70Th Anniversary of the Liberation of Auschwitz and Birkenauby Senator Benjamin L. Cardin
Posted on 2015-01-29
CARDIN. Mr. President, I take this time to bring to my
colleagues' attention that January 27 represented the 70th anniversary
of the liberation of Auschwitz and Birkenau--Auschwitz, the
concentration camp that became a death camp; and Birkenau, a death
camp, located in Poland, that was liberated by the Allied Forces on
January 27, 1945.
There were 1.3 million Jews, Poles, and other minorities who were deported to Auschwitz and Birkenau between 1940 and 1945. Of that 1.3 million, 1.1 million died in these camps.
I had a chance in 2004 to visit both Auschwitz and Birkenau, and it was emotionally draining. It was a site that is hard to imagine, to see the cruelty and the barbaric activities of humans against other humans. From looking at the rooms in which medical experiments were done on human beings, who ultimately died, to seeing the gas chambers, it very much affected my perspective on humanity and life.
In the United States we are blessed. I can practice my religion and don't have to fear losing my head. I can disagree with my government and know I am not going to be locked up for doing it. We should never take those liberties for granted. I think our freedoms give us a special responsibility to make sure that when we say never again, that it becomes a reality, that it becomes real.
We also have a responsibility to remember the victims of the Holocaust. In the Jewish religion, we have Yom Hashoah, a separate day set aside to recognize that. We need to learn from the survivors. I will always remember the times I had a chance to talk to Leo Bretholz. He was a constituent of mine who escaped the trains taking him to Auschwitz. He was an inspiration to all of us who learned more about the circumstances surrounding the Holocaust. Unfortunately, he passed away last year. Leo advocated for the repatriation of victims, particularly from the French railway SNCF, and we were ultimately successful in getting those funds.
This all underscores the importance of Holocaust education. When we say never again, let's always remember what happened over 70 years ago under Nazi rule. Let's have Holocaust education so young people understand the consequences of the cruelty and the consequences of not getting engaged.
Let's also help the survivors. I very much want to acknowledge that in the United States we have many survivors from the Holocaust, and over half of them live under the Federal poverty line. They are so fearful of being institutionalized, and we can understand that. I thank Senator Mikulski and the appropriators for putting money in the omnibus appropriations bill last year to help provide assistance so these survivors can get the services they are entitled to under our law. Sometimes they can't work their way through it. I was proud to help in those efforts.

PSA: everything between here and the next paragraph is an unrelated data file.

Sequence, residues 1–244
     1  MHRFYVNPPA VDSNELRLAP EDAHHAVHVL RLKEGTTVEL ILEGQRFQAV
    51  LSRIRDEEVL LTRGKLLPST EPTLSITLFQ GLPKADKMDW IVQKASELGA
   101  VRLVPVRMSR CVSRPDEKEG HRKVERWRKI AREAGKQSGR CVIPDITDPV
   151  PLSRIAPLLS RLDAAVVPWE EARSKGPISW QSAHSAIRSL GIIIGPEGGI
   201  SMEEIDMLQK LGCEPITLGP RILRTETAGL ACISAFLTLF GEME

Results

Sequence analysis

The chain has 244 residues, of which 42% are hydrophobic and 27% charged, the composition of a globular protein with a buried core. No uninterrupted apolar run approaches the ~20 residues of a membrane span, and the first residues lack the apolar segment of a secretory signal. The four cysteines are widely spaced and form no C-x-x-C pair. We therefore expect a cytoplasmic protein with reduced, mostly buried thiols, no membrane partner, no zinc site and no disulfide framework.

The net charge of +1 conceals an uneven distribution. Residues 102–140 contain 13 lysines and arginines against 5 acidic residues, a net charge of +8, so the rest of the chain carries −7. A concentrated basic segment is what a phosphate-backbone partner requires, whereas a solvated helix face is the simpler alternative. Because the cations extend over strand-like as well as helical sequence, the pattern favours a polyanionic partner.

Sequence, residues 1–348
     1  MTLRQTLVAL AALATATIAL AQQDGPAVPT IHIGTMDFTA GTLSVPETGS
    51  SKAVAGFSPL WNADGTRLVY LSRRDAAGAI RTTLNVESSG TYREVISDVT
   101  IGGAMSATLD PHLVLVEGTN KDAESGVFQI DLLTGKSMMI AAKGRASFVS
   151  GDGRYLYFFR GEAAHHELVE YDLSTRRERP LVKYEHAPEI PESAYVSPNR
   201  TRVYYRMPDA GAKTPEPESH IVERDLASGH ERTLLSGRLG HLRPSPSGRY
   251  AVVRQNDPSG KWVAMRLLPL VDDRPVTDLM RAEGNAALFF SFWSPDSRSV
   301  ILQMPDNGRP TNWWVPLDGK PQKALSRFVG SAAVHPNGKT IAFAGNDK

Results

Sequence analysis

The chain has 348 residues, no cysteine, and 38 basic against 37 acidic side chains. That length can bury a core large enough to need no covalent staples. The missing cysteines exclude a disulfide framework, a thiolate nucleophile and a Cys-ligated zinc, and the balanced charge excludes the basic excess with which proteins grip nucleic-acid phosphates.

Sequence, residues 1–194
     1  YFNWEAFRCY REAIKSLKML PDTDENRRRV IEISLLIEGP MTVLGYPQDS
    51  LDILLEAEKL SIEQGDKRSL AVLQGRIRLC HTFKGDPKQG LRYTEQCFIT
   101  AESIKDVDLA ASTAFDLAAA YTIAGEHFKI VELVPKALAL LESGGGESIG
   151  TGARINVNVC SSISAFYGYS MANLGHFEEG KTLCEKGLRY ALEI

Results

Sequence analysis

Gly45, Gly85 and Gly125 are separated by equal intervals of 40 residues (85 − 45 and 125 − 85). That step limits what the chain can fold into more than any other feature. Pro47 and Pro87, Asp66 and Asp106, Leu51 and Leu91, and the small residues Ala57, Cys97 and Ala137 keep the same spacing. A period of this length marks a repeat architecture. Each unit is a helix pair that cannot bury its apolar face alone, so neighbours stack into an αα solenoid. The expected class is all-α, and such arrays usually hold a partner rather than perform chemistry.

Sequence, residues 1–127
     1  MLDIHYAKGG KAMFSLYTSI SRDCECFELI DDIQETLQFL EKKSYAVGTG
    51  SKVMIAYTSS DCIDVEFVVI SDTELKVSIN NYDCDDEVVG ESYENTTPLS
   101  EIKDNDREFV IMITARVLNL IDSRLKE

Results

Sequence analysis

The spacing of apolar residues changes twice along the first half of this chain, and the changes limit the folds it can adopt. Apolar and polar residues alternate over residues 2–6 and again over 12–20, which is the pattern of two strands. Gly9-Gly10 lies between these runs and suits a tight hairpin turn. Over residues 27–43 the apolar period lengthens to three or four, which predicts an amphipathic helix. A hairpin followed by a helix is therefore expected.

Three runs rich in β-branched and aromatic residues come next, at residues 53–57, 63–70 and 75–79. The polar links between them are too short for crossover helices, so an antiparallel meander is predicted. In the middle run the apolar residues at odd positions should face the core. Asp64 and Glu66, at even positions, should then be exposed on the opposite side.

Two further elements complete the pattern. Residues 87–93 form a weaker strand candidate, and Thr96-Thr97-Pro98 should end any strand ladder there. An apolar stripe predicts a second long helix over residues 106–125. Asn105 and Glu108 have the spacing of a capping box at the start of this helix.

I also thank Vice President Biden for his leadership in the Obama administration.
I thank those on the Health, Education, Labor and Pensions Committee in the Older Americans Act reauthorization that was acted on this week because they include services for Holocaust survivors so that they will have easier access to government services.
Lastly, let me thank Senators Mikulski and Kirk. I joined both of them in a Senate resolution to commemorate the 70th anniversary of the liberation of Auschwitz and Birkenau. The Senate Foreign Relations Committee that I serve on unanimously approved that resolution for consideration on [[Page S616]] the Senate floor, and I thank Senators Corker and Menendez for their help.
As I think most Members of this body know, I have been an active participant in the Helsinki Commission. I am the democratic leader, working with Senator Wicker. The Helsinki Commission is known for its participation in the Organization for Security and Co-operation in Europe, but I think it is best known because we put a spotlight on human rights issues. We try to live up to that motto ``never again.'' We try to say we will not let violations of basic human rights go unchallenged.
So on this 70th anniversary of the liberation of Auschwitz and Birkenau, which are the iconic symbols today of the Holocaust, let's rededicate ourselves to making sure that ``never again'' becomes a reality.
With that, I yield the floor.
The PRESIDING OFFICER. The Senator from Maryland.